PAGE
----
# Ant on a Cylinder

The following question was asked in a mock test for CMI (Chennai Mathematical Institute):-

There is a glass cylinder with radius $$R$$. An ant is $$d$$ cm from the mouth of the cylinder. It is on the outer surface of the cylinder. There is a honey drop on the inner surface of cylinder that is also $$d$$ cm from the mouth of the cylinder and diametrically opposite to the ant. What is the shortest distance the ant has to travel to get to the honey drop? My attempt includes "unwrapping" the cylinder to get a rectangle with length equal to $$2πR$$ and breadth equal to $$H$$ which is the height of the cylinder. Now, the problem is reduced to finding the shortest path between two points on a rectangle given that the ant has to reach the edge first. I dropped a perpendicular from the ant's location to the edge nearer to it, and then drew a straight line from there straight to the honey. Using the Pythagorean Theorem, we get that the distance the ant travels is $$d+\sqrt{d^2+π^2R^2}$$. Many of the students on the mock test got the same answer, but, a few friends of mine got a different answer. Problem is, I see no error in their reasoning/method, and the distance they get is smaller than mine, too. So, I would like to know if I've made a mistake.

• PS:- I haven't given the solution they got so as to not bias anyone towards thinking my answer is right or wrong.
– user1059904
Nov 2, 2022 at 11:41
• What if the ant went to another point on the edge? You chose the point nearest the starting position. If you chose the point nearest the honey's position, then you have a different path with the same length. How about some point in between? Nov 2, 2022 at 11:47
• @JaapScherphuis Yes, that is similar to what they did, but as stated before, I'm not entirely sure who's right and who's wrong.
– user1059904
Nov 2, 2022 at 12:12
• See for example this question for a more general version of this problem, and how to solve it. Nov 2, 2022 at 12:28

Unwrapping, and using reflection, the ant should move to the edge point halfway between its original position and the position of the honey drop, then move towards the honey drop on the inside. The minimum distance is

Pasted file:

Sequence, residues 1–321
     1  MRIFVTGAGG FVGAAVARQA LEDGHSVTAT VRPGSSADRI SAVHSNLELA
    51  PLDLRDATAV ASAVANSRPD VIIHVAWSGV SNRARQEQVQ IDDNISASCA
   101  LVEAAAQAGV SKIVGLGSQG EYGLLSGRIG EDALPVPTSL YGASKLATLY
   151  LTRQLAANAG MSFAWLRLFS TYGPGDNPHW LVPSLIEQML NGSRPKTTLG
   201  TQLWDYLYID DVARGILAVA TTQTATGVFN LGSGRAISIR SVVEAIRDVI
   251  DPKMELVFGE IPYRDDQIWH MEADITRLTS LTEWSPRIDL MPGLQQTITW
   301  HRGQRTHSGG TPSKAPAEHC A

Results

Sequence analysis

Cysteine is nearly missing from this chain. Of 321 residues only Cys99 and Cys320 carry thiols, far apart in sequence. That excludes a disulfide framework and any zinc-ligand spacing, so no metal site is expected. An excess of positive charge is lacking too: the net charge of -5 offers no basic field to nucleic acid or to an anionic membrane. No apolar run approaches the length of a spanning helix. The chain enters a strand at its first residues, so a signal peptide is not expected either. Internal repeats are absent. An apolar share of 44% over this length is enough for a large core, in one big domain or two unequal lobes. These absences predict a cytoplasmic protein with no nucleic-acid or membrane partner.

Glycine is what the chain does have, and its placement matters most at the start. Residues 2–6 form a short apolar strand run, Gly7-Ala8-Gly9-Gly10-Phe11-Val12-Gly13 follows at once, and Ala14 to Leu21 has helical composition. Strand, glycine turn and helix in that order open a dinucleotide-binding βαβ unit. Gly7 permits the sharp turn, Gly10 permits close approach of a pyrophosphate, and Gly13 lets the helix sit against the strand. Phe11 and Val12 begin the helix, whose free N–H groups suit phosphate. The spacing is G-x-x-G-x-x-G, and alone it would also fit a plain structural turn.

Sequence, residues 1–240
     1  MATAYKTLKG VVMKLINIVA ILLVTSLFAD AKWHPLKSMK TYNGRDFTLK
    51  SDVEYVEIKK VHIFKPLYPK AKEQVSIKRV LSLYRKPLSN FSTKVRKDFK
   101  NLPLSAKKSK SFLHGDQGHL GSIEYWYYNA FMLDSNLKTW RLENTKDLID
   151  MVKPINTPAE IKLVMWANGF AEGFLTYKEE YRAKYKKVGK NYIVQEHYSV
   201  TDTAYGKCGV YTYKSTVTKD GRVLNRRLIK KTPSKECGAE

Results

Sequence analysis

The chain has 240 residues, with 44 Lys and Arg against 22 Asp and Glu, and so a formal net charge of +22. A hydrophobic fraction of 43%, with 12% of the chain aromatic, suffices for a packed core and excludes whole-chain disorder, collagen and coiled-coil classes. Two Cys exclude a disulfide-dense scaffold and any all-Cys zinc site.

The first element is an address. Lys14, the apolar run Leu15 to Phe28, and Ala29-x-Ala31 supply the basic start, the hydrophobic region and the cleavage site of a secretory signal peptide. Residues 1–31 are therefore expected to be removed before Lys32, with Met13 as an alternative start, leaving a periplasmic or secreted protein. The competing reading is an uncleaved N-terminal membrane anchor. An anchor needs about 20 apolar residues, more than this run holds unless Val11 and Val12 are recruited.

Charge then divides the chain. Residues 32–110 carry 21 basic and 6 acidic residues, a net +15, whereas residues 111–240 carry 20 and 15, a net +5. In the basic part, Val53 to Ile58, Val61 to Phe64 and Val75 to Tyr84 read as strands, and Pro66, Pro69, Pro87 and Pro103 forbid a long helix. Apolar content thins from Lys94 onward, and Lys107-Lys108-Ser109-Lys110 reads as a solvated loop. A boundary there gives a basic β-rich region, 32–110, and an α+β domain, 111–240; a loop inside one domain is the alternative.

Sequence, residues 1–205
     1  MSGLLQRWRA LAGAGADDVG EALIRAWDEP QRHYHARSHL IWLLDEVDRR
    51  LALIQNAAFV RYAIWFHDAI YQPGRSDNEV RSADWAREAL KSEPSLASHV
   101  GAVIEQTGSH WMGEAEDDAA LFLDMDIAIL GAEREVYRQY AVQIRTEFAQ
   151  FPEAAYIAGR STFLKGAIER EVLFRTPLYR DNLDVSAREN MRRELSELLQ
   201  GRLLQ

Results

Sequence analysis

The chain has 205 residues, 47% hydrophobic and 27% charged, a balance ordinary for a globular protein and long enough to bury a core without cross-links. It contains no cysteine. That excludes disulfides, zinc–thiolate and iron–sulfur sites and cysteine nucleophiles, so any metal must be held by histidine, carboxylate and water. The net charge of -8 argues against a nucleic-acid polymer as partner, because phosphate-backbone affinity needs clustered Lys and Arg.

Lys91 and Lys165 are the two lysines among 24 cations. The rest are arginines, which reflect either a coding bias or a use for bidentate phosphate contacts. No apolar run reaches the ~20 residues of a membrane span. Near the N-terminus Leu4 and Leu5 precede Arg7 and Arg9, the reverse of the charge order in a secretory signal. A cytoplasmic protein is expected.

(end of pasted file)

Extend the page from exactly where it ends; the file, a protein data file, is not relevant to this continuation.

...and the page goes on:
$$d_{Min} = 2 \sqrt{ d^2 + (\dfrac{\pi}{2} R)^2 }$$

To come at this geometrically in the spirit of generalizing (while simultaneously simplifying!), we can not only unwrap the cylinder into a rectangle of width $$2\pi R$$, or an infinite strip of period $$2\pi R$$, but we can also "unfold" along the edge(s) of the cylinder, modeling the inside and outside surfaces in the same plane diagram.

In the "unwrapped" universe, the ant has infinitely many avatars, each a known distance from the edge, and with neighboring avatars separated by $$2\pi R$$. The honey similarly has infinitely many avatars at known distance from the edge, known angular (horizontal) offset from the ant, and with neighboring avatars separated by $$2\pi R$$. The shortest path from the ant to the honey is a line segment, represented geometrically by the shortest segment joining any ant avatar to any honey avatar. (Prospects are shown in blue.) This interpretation makes clear why proceeding straight to the edge, then straight to the honey, is generally not the shortest path. For the question given, where the ant and honey are "opposite" on the cylinder, the two blue paths have the same length.

The diagram shows the situation where both the ant and the honey are closer to one particular edge of the cylinder than to the other. Generalizing this is left as a straightforward exercise.

For posterity: The "two-sided cylinder" is a model of a flat torus. This model isn't mathematically literal (there is no distinction between the inside and outside of a cylinder solely in terms of points on the cylinder), but does informally capture the geometry of a flat torus.

• Thanks for the interesting general interpretation.
– user1059904
Nov 3, 2022 at 1:13

According to the Law of reflection the shortest path will be along the legs of isosceles triangle with height $$d$$ and base $$\pi R$$ which gives the shortest path of $$\sqrt{4d^2+\pi^2R^2}$$

You can also use calculus. Let $$\sqrt{x^2+d^2}$$ be the distance ants needs to travel to reach the top. Then the total distance $$f(x)=\sqrt{x^2+d^2}+\sqrt{(\pi R-x)^2+d^2}=\sqrt{x^2+d^2}+\sqrt{\pi^2R^2-2\pi R x+x^2+d^2}$$.
$$f'(x)=\frac{x}{\sqrt{x^2+d^2}}+\frac{x -\pi R}{\sqrt{\pi^2R^2-2\pi R x+x^2+d^2}}$$ $$f'(x)=0$$ gives $$(\pi R-x)\sqrt{x^2+d^2}=x\sqrt{\pi^2R^2-2\pi R x+x^2+d^2}$$ $$(\pi R-x)^2(x^2+d^2)=x^2(\pi^2R^2-2\pi R x+x^2+d^2)$$ $$(\pi^2R^2-2\pi Rx+x^2)(x^2+d^2)=x^2(\pi^2R^2-2\pi R x+x^2+d^2)$$ $$\pi^2R^2d^2-2\pi Rd^2x=0$$ Thus, $$x=\frac{\pi R}{2}$$ gives the minimum total distance.

• Why is the arclength distance on the cylinder the same as the Euclidean distance on the "unwrapped" rectangle? Nov 2, 2022 at 23:05
• @Argyll: Draw the line on the unwrapped rectangle then make a cylinder. During this process, the size of the segment does not change. Nov 3, 2022 at 2:31
• Why? How do you the line isn't stretched in the process? Nov 3, 2022 at 3:44